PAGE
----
It’s now 18 months since Mark Carney gave a memorable speech on “Breaking the tragedy of the horizon” at Lloyd’s of London. In it, the governor of the Bank of England talked about the urgent need to address climate change.
As our world becomes ever more volatile and complex, are we any further forward in dealing with a long-term global risk we can all choose to affect – that of consumption and our impact on the planet?
In 1987, former Prime Minister of Norway Gro Brundtland published an influential report called “Our Common Future”. It outlined the first widely-acknowledged concept of sustainable development, or “development that meets the needs of the present without compromising the ability of future generations to meet their own needs”.
Since then, the idea of sustainability has moved further and further up the global agenda. Today, the World Bank defines sustainable development as growth that “must be both inclusive and environmentally sound to reduce poverty and build shared prosperity for today’s population and to continue to meet the needs of future generations. It must be efficient with resources and be carefully planned to deliver immediate and long-term benefits for people, planet and prosperity.”
Global solutions to global problems
With our world a more crowded place than ever – 7.5bn people which the UN estimates will rise to 9.7bn by 2050 – we are seeing continued and unprecedented erosion of our natural resources, from coal to water to our land and soil.
Environmentalists have made the case against the overuse of fossil fuels, deforestation and loss of biodiversity for many years. Civil society organisations have been increasingly visible in their campaigning for the rights of marginalised groups around the world. Policy-makers have been warning the world that the type of growth that we have been pursuing is putting unforeseen and unsustainable pressure on our planet, and have highlighted a need for stronger institutions to build healthier long-term economic and social foundations. Yet we are still some way from one cohesive and sustainable global solution.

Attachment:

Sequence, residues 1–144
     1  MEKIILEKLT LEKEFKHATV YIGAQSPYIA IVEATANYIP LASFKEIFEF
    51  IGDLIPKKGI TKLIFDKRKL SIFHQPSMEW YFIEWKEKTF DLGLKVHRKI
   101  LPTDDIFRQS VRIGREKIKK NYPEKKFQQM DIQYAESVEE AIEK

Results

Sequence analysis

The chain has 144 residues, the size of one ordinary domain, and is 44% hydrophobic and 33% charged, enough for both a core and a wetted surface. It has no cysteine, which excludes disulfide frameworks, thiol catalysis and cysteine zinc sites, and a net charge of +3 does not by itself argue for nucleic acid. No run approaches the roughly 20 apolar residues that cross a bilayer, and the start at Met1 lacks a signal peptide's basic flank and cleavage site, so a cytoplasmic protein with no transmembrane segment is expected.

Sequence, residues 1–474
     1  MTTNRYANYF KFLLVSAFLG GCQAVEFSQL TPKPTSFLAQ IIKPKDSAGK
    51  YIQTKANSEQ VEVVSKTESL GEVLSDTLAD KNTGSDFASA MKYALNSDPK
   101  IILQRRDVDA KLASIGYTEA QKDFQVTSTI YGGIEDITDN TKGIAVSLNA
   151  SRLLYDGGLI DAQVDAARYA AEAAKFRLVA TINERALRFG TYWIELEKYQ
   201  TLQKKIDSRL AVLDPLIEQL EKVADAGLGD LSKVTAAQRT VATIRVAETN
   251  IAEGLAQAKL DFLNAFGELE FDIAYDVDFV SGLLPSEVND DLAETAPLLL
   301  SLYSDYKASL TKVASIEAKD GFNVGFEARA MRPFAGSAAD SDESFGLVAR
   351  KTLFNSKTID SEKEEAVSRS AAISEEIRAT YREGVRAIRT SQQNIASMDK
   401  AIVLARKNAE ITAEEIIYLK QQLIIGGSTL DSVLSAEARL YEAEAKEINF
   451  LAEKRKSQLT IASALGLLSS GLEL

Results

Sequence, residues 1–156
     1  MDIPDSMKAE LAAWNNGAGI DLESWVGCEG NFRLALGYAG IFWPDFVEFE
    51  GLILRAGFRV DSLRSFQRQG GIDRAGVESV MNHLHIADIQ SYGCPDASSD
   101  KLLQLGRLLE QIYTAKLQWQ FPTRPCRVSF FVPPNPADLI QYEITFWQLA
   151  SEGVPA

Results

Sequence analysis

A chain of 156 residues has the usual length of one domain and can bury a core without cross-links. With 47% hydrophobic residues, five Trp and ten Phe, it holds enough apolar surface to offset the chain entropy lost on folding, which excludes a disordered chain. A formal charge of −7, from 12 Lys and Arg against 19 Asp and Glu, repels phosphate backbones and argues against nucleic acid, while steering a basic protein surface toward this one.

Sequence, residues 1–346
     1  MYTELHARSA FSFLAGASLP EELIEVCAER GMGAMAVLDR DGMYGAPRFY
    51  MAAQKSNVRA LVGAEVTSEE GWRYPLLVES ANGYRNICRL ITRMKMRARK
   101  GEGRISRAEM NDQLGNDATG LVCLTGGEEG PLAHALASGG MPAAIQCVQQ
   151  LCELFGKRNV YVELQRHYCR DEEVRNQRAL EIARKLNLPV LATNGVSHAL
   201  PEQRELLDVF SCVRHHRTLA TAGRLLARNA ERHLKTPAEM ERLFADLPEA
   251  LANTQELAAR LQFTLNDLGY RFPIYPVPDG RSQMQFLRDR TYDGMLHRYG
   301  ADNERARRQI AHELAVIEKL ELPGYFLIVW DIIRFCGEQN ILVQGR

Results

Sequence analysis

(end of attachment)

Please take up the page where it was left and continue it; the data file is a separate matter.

In 2015, the United Nations proposed its 17 Sustainable Development Goals – commonly known as SDGs – designed to achieve world-wide sustainable development by 2030. These were adopted by leaders of more than 150 countries around the world, and may finally provide the 360 degree framework to deliver inclusive prosperity.
The role of accountants
Several of these goals have direct requirements on business, with corporate leaders called on to consider the effects of their decisions, not only on finance, but also on social systems and natural capital.
Accountants are in a unique position to make real, impactful change and be at the centre of delivering on these SDGs. From reporting on CO2 emissions to measuring social impact, the skills, judgement and all-round data-informed view of business possessed by professional accountants make them a catalyst for delivering this greater stability and wider prosperity.